Building from Scratch: A New Ecosystem for Chicago’s Small Businesses
By Jonathan Brereton, CEO, Accion Chicago July 29, 2016 10:30 AM
Nearly five years ago, the City of Chicago launched the Chicago Microlending Institute (CMI), a program established to train new lenders to make targeted loans to small businesses. For the first time, a city took action to directly invest in the creation of a more robust microfinance ecosystem that could deliver the financing needed by entrepreneurs to spur small business growth.
After estimating an unfulfilled demand for nearly $28 million in microloans annually -- a funding gap that threatened jobs and economic stability in already vulnerable areas – CMI’s goal was to increase the capital access needed for small businesses to create jobs in communities that needed them most: the low-and-moderate income and communities of color on the south and west sides of Chicago.
Since its establishment, more than 250 businesses have received loans from the CMI, for a total of $2.6 million, creating or preserving more than 1,000 jobs. Nearly 70 percent of those loans have gone to communities that have historically seen below- average lending activity. Just as importantly, more than 90 percent of those loans supported women and minority entrepreneurs.
Regardless of the size of the loan (loan sizes range from as low as $500 to $25,000), the impact on the business is often real and immediate. For example, after Tigist Reda opened the Ethiopian restaurant Demera with her husband, she secured a $20,000 loan from CMI, with financing provided by Accion. Equipped with the capital needed to build out the space and order supplies, sales doubled. The restaurant now employs 18 people.
Tigist’s story is being replicated across a new micro-industry of micro-lenders in Chicago.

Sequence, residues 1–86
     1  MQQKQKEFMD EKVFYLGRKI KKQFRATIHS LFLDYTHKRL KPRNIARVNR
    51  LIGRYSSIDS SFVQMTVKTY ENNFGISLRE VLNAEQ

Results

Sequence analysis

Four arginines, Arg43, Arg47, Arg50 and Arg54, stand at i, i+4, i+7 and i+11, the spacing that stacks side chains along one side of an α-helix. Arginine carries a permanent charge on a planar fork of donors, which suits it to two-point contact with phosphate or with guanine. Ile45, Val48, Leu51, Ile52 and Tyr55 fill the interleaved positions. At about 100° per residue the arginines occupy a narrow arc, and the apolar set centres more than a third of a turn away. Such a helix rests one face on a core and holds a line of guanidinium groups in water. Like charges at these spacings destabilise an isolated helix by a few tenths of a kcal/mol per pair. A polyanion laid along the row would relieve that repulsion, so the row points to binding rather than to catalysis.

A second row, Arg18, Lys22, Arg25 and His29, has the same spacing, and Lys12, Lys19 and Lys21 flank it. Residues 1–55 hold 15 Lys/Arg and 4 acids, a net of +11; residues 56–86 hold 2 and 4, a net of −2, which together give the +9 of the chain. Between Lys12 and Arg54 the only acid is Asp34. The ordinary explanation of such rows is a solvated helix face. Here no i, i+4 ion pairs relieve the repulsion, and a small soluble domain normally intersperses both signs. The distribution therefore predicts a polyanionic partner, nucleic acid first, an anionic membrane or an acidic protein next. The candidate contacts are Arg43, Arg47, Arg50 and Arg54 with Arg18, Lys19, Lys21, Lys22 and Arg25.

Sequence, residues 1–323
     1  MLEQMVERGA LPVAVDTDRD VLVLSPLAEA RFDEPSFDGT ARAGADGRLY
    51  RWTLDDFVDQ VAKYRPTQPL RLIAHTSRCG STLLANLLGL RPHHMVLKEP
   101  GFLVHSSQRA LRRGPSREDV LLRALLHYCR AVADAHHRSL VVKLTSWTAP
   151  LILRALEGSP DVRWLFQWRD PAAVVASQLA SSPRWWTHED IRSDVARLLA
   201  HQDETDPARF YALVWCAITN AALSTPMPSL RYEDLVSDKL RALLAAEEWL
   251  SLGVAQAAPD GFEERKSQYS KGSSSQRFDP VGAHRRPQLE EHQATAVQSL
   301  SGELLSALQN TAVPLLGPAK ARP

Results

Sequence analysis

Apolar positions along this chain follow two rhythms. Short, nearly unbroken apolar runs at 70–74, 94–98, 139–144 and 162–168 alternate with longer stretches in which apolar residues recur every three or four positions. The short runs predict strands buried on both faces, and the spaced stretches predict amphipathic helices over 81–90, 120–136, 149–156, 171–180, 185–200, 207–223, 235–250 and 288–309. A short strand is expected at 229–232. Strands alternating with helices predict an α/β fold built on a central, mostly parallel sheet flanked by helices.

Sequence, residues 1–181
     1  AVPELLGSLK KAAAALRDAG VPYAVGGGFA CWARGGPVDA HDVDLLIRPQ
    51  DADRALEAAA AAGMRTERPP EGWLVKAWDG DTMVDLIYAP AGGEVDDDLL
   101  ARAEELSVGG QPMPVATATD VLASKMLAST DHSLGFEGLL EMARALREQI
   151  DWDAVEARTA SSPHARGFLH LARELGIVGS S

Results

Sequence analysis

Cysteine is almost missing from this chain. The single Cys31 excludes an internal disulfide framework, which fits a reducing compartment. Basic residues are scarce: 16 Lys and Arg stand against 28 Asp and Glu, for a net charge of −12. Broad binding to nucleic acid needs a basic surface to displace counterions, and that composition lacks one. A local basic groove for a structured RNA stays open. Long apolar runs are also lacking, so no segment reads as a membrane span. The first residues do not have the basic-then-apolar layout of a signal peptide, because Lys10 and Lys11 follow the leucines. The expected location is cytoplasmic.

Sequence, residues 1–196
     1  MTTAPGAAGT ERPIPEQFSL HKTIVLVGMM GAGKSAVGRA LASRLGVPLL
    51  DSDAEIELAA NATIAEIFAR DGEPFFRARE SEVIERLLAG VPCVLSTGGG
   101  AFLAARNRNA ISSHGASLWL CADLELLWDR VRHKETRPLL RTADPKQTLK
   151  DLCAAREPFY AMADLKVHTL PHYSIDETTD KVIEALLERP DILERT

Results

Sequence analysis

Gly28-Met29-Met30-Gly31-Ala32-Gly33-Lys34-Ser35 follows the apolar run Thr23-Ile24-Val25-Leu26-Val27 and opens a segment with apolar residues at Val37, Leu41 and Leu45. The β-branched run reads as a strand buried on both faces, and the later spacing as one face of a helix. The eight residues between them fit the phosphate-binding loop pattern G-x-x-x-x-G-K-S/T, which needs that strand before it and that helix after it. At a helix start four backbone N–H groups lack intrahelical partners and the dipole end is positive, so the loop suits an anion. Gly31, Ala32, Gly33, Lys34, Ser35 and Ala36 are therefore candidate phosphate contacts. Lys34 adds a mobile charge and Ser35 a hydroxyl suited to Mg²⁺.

I’m proud of what we’ve achieved with CMI, but am also grateful for the leadership and vision of our partners, including Citi Community Development, which in addition to the Chicago Community Trust and the City of Chicago provided the financial support critical to underwriting the cost of setting up the CMI. Without that seed capital, the organization I lead, Accion Chicago, would not have been able to successfully launch and sustain CMI over the past five years.
But Citi also provided more than financial resources. George Wright, Regional Director of Citi Community Development in Chicago, and his team brainstormed with us and helped to advance the idea before it enjoyed a broad base of public support. George was appointed by the mayor to sit on the CMI advisory council, and met monthly with potential business participants and stakeholders. We are proud to have collaborated with Citi, our other funders and the City to promote the growth of small businesses in Chicago. Armed with access to capital and generous technical assistance, a burgeoning entrepreneurial ecosystem is now helping to revitalize our LMI and communities of color across Chicago.
About the Inclusive Cities Series
Citi Community Development collaborates with America’s most prominent local public officials, civil rights leaders and community organizations to expand financial access and build more inclusive cities. Through these innovative collaborations, we harness Citi’s expertise, products, services and investments to ensure all residents and families have access to opportunity. Inclusive Cities is a new guest blog series where Citi’s leading community partners bring to life, through stories of leadership and ingenuity, how their partnership with Citi is driving real urban progress in communities around the U.S.